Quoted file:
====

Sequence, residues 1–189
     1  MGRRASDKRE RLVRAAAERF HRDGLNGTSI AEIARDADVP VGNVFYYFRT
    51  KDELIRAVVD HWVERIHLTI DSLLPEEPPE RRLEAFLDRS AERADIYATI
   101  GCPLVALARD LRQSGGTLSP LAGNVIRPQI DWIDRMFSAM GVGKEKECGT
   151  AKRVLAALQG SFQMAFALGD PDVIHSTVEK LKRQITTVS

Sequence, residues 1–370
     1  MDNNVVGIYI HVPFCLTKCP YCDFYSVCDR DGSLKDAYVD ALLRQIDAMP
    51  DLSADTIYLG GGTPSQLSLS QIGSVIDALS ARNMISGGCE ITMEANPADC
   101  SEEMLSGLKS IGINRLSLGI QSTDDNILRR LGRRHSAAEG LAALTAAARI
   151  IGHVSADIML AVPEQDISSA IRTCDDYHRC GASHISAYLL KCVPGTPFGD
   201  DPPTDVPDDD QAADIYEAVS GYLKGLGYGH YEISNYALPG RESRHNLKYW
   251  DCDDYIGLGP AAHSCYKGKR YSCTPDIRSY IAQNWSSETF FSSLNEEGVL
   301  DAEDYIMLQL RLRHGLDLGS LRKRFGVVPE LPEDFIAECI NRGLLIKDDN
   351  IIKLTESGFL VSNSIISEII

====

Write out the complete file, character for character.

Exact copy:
Sequence, residues 1–189
     1  MGRRASDKRE RLVRAAAERF HRDGLNGTSI AEIARDADVP VGNVFYYFRT
    51  KDELIRAVVD HWVERIHLTI DSLLPEEPPE RRLEAFLDRS AERADIYATI
   101  GCPLVALARD LRQSGGTLSP LAGNVIRPQI DWIDRMFSAM GVGKEKECGT
   151  AKRVLAALQG SFQMAFALGD PDVIHSTVEK LKRQITTVS

Sequence, residues 1–370
     1  MDNNVVGIYI HVPFCLTKCP YCDFYSVCDR DGSLKDAYVD ALLRQIDAMP
    51  DLSADTIYLG GGTPSQLSLS QIGSVIDALS ARNMISGGCE ITMEANPADC
   101  SEEMLSGLKS IGINRLSLGI QSTDDNILRR LGRRHSAAEG LAALTAAARI
   151  IGHVSADIML AVPEQDISSA IRTCDDYHRC GASHISAYLL KCVPGTPFGD
   201  DPPTDVPDDD QAADIYEAVS GYLKGLGYGH YEISNYALPG RESRHNLKYW
   251  DCDDYIGLGP AAHSCYKGKR YSCTPDIRSY IAQNWSSETF FSSLNEEGVL
   301  DAEDYIMLQL RLRHGLDLGS LRKRFGVVPE LPEDFIAECI NRGLLIKDDN
   351  IIKLTESGFL VSNSIISEII